|Joe Critchlow lets it fly in Las Vegas (Jaren Wilkey, BYU Photo)|
After Friday's win over UNLV, BYU Cougars running back Squally Canada quickly, and wisely, credited his offensive line for his 200-yard rushing performance. While the bulk of the credit belongs to the five guys upfront, some credit should also be given to freshman quarterback Joe Critchlow.
BYU has experienced serious offensive woes this season. The Cougar offense has lacked an identity. After game five, it appeared BYU had found an identity. Although they lost to Utah State, the Cougars had racked up 210 yards rushing.
Opponents quickly caught on to BYU's run first philosophy. They developed schemes to stop it. BYU was unable to counter with a respectable passing attack, so opposing defenses had no need to adjust their scheme.
UNLV knew Critchlow was a true freshman making his first start. He was not well versed in the BYU playbook, and didn't have a lot of experience reading college defenses. UNLV would focus on stopping the run. The Running Rebels were hedging their bet that Critchlow couldn't play well enough on the big stage.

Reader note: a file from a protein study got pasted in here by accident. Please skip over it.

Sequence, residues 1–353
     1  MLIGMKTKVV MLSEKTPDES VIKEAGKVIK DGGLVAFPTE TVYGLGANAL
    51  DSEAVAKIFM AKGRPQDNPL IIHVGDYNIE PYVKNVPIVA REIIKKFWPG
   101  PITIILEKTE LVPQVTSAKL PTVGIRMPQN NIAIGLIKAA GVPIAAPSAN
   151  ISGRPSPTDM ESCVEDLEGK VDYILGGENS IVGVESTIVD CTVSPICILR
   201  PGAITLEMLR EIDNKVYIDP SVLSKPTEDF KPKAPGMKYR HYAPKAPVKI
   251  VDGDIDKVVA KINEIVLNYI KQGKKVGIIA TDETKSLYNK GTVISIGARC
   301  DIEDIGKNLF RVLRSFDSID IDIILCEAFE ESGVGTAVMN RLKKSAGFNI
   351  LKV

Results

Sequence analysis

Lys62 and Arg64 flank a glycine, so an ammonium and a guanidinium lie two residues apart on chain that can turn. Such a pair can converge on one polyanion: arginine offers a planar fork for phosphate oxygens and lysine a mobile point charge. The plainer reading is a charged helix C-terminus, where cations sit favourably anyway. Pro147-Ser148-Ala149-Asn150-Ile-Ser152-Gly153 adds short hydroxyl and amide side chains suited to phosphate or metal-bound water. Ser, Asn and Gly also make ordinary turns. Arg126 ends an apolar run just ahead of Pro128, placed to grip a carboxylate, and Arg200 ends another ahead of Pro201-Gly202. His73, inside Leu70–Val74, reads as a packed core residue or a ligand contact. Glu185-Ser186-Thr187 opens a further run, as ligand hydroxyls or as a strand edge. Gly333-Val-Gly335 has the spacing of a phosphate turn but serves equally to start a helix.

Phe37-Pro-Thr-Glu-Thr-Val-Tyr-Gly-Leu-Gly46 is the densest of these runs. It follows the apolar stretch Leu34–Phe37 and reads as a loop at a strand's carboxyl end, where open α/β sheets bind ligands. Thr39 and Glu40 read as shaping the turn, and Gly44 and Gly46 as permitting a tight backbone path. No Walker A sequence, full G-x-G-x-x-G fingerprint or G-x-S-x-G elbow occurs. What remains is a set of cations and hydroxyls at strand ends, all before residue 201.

BYU had 52 yards rushing in the first half on 12 carries. That is a modest 4.3 yards per carry. Twenty of those 52 yards came on one play. UNLV had done pretty well stopping the run, however, they trailed 14-7.
Part of that was the Rebels' inability to finish drives. The other part was Critchlow.
The first-time starter was making good reads, finding the open receivers, and delivering the ball with accuracy and touch. Critchlow hit Micah Simon between two defenders 30 yards downfield. In the face of a blitz, he delivered a strike to his hot receiver. He dropped the ball, perfectly, into a hole in the UNLV zone for a 26-yard pickup. Critchlow had perfect placement on a throw to the back corner of the end zone. That gave him his first career touchdown pass.
Critchlow wasn't just managing the game; he was winning it.
UNLV was forced to adjust at halftime, and Canada was the beneficiary. He got the ball on the first play of the second half. UNLV had just six defenders in the box. Lead blocker Brayden El-Bakri took on the only linebacker on the left side of the line, and that sprung Canada for 54 yards.
BYU continued running the ball, and UNLV had no answer. Canada got the ball 20 times in the second half alone. The Running Rebels couldn't sell out to stop the Cougar rushing attack, because they knew as soon as they did Critchlow would make them pay.
After he finishes rewarding his offensive line, Canada would do well to go thank his quarterback.
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